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People will be studying the global pandemic’s effects on the workplace for decades to come. The trends it accelerated. The inequality it exposed. The countless challenges and opportunities it created. However, there is one thing that is already perfectly clear, and business leaders in every industry across the country should be acting on it today.

We are still in the very beginnings of the most significant shift in the American workforce since the invention of the 40-hour workweek, and nobody knows for sure how it’s going to play out. Let’s just be sure we’re asking the right questions. How does humanity show up in my workplace? What can I do to foster its success?

They’re humans, not resources. At the start of the pandemic, the first big shift was companies were forced to come to a simple realization of “oh my goodness, we’ve got people that work here.” Job descriptions, titles, and time cards were replaced by actual human beings, complete with their actual human struggles in the workplace and the world at large. As leaders, we realized this was an opportunity to empathize and start doing better by the very people right in front of us. So we got flexible with where, when, and how people worked. And we discovered that when given that freedom, people didn’t flounder. They flourished. We created a better environment for actual people to thrive and saw an increase in performance and satisfaction. You can devise your own social responsibility strategies. But start by deeply engaging with the people closest to you, and you’ll see an immediate, positive impact on the surrounding communities.

Those balance sheets are biased. How often have you heard the phrase, “Our people are our greatest asset.” Maybe it’s the accountant in me, but I always laugh and wonder why our balance sheets rarely look at it that way. It’s common practice in corporate America to see employees as expenditures, making them literally expendable. They are seen as expenses and liabilities. Sure, we’re using very specific accounting terminology, but it truly affects how we treat people. Assets have value. Assets are worth investing in. Assets are unique. Imagine the power of treating every person at the company as an asset. The pandemic has given us the opportunity to put our money where our mouth is. Ditch the onesize-fits-all solution and create customized employee growth plans. Show your people you understand their individual value and that you’re willing to invest in helping them grow. Then, watch your increased satisfaction and retention numbers more than cover the cost.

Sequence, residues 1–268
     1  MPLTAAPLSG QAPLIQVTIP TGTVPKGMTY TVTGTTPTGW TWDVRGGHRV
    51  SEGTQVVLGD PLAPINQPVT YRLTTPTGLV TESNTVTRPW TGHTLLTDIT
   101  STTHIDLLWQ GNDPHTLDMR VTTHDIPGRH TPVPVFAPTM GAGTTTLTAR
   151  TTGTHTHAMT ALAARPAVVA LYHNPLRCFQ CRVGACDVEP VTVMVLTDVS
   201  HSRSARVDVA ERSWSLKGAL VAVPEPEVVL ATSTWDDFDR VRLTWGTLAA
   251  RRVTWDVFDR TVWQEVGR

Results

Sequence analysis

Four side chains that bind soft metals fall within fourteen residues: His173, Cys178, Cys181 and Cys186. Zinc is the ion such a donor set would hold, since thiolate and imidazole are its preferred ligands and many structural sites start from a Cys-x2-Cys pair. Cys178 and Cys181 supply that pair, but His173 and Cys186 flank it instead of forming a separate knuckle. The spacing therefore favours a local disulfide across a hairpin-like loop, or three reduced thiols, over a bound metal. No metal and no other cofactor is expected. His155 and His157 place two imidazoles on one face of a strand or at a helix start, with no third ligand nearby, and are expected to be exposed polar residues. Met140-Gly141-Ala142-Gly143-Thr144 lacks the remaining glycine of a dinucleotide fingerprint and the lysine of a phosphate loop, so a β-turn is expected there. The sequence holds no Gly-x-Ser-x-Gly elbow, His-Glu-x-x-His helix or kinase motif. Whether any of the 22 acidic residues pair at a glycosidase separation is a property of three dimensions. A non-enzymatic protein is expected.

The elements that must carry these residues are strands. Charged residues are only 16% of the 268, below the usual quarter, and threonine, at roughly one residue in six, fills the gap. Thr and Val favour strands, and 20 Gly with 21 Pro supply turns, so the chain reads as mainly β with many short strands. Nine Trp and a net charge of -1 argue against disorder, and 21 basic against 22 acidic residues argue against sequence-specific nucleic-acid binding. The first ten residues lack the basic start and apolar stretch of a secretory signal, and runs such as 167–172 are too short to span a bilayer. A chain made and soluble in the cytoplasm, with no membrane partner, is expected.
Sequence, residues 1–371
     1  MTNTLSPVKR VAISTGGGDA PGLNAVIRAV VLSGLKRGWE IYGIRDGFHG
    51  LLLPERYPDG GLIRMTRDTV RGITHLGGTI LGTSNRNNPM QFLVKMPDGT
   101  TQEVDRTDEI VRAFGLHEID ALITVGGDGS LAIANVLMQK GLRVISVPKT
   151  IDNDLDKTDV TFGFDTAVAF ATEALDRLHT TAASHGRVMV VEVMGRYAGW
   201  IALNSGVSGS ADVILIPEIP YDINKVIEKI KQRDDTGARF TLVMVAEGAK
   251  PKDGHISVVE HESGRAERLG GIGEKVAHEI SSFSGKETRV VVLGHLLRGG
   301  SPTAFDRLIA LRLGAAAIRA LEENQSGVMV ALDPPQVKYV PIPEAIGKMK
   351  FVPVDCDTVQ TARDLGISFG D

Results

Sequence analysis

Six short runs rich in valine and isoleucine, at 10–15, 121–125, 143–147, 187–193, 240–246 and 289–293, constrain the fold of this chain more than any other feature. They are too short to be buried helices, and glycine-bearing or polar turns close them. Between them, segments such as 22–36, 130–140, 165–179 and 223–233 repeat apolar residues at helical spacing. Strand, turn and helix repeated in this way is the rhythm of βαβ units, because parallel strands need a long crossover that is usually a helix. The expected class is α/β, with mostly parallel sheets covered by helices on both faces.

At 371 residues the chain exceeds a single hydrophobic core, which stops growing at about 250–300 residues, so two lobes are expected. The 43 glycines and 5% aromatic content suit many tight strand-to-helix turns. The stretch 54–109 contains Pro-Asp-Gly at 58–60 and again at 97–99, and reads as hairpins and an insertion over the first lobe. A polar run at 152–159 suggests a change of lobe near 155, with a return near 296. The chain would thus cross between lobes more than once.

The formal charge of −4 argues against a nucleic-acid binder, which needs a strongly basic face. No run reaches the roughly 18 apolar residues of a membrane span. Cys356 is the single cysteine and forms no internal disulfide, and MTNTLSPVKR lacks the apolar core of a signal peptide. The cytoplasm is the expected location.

There is no “like” without “love.” The most important shift accelerated by the pandemic is transforming the very definition of the word “work” itself. Think about it. The word connotes a degree of difficulty, struggle, and hardness. “It was a lot of WORK.” Nobody wants that. As humans, it is in our nature to seek joy. This is a conflict that society has been dealing with for decades. The future relies on our ability to let joy lead the way. We now have the responsibility to create space for those moments of joy to exist within the workplace. We have proven that work is about more than compensation. It’s about contribution, connection, and community. These are the things people genuinely love about their jobs. It’s essential that we help them uncover that joy and include it in the value equation. As the poet Kahlil Gibran puts it, “Work is love made visible.”

We are on the verge of a future that isn’t going to look anything like the past. We don’t even know what’s possible yet because we haven’t seen anything like it before. But when we do–watch out world! There’s no going back. Until then, let this be our guiding principle moving forward: doing good is creating a better human experience from wherever you are.

Dorri McWhorter is a highly-experienced accountant, socially-conscious business leader, and an accomplished optimist. She is President and CEO of YMCA of Metropolitan Chicago where she brings her innovative brand of thinking to reimagine how the 164-year-old brand can build on its legacy of impact. “Value creation and social impact are not mutually exclusive” is the mantra driving her to reinvent how the YMCA advances society through its unique position of creating value and accelerating social impact for the 22nd century.

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